The visual language of Tai Chi

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How do the images of Tai Chi we are presented with colour our thinking about it?

My previous post about Stoicism started a few things turning over in my brain about the ‘visual language’ of subjects and how that can influences our thoughts about them. For example, the visual language of Stoicism is really populated with old paintings and ancient stone statues of dead old men. It all feels very cold, remote and ‘serious’. When, in fact, the day to day reality of being a member of the Stoic school of philosophy could have been very different. Had we the ability to travel back in time to the original Stoa in Athens circa 3rd century BC, we may have found that the Stoics were lively, warm friendly debaters. Or maybe they weren’t? But either way their daily reality would have been made up of different visual images then the statues of old men we are left with today.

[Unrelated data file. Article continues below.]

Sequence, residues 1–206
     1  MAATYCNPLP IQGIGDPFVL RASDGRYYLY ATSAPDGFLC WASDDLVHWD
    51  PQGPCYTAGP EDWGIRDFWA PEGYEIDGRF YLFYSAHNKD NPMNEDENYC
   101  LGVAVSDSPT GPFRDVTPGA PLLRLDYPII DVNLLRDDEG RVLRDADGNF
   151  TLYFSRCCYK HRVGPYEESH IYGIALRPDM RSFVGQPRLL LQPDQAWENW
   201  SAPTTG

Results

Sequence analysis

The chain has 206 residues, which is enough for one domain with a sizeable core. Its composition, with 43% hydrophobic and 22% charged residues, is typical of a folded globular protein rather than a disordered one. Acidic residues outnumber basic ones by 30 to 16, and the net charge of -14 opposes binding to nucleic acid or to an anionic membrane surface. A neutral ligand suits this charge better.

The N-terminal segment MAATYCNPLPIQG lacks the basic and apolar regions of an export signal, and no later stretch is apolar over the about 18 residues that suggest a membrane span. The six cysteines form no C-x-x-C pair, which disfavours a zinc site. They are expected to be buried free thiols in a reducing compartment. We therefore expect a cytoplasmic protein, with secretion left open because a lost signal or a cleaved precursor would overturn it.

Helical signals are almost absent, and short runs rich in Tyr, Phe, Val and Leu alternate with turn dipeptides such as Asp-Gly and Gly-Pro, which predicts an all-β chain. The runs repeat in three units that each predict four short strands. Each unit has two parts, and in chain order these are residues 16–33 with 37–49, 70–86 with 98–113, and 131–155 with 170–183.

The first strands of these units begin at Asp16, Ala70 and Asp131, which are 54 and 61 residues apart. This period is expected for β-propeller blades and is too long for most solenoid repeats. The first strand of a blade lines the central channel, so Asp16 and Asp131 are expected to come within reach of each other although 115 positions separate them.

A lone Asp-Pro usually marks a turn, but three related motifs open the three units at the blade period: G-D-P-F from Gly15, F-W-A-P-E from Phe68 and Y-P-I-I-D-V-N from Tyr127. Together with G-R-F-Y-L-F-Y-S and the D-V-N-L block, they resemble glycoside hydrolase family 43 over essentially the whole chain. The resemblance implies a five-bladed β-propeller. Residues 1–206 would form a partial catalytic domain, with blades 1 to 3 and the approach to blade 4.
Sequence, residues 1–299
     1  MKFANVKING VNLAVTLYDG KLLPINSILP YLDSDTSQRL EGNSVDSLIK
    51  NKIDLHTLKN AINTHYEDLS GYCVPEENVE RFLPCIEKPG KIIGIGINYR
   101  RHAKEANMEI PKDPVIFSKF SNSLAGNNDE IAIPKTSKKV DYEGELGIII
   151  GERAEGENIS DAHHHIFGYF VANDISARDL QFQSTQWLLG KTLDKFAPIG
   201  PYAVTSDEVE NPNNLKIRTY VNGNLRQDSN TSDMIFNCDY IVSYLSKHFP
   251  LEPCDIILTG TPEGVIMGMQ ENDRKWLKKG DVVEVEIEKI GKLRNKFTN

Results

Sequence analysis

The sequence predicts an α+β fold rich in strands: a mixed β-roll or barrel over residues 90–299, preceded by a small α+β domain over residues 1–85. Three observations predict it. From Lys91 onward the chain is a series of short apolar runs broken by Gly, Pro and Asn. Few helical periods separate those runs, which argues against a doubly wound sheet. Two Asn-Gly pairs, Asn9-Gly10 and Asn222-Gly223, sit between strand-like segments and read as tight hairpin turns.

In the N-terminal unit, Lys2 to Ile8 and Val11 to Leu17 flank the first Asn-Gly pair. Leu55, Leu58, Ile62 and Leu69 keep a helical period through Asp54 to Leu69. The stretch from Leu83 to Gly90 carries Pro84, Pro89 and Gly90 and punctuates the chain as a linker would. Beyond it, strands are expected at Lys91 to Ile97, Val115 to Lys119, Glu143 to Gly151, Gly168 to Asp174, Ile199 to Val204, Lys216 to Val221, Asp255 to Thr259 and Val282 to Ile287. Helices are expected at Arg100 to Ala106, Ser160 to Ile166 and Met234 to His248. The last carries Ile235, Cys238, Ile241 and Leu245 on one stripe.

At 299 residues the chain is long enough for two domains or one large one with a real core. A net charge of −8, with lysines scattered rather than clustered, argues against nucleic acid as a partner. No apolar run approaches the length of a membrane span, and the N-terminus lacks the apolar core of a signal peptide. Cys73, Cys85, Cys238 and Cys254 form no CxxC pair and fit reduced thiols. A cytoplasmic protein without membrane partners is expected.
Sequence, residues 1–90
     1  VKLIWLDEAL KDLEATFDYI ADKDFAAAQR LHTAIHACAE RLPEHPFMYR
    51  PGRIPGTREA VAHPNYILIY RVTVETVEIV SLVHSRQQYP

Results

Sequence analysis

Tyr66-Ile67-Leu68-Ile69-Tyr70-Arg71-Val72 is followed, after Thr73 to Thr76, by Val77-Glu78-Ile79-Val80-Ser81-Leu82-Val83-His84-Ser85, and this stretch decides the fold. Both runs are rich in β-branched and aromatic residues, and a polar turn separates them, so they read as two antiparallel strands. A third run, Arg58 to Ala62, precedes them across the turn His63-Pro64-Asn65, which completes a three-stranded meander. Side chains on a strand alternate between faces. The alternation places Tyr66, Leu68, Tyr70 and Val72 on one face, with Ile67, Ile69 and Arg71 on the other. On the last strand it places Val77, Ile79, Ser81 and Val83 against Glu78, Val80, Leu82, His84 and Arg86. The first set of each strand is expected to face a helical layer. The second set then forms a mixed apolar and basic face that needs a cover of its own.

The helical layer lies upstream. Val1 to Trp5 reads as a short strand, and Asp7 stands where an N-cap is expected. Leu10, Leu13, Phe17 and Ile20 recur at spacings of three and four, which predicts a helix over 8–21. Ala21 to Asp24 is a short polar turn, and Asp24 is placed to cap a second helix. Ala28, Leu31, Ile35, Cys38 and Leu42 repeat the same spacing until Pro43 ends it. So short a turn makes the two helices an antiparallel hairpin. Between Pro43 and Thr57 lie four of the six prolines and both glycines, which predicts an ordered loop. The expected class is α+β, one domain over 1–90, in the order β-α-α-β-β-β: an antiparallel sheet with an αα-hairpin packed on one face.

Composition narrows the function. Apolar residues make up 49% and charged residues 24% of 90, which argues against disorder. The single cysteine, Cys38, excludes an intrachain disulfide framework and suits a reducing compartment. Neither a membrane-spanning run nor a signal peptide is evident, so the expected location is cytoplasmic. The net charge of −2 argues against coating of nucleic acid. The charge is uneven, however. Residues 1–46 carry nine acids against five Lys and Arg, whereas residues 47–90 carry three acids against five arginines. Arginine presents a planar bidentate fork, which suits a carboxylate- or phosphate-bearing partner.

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Zeno of Citium, founder of Stoicism

It also made me wonder about the visual language of Tai Chi, and how that influences the way we think about it. A good way to see what the ‘visual language’ of a subject is, is to put its name into Google and do an image search.

If we put “Tai Chi” into Google Images we get a proliferation of black silhouettes of people doing Tai Chi postures in front of dramatic sunsets. It all looks very new agey and spiritual. To me this suggests the world sees Tai Chi as some sort of mental/spiritual wellbeing system, a bit like Yoga.

And well, maybe it is. But it’s also a lot of other things too.

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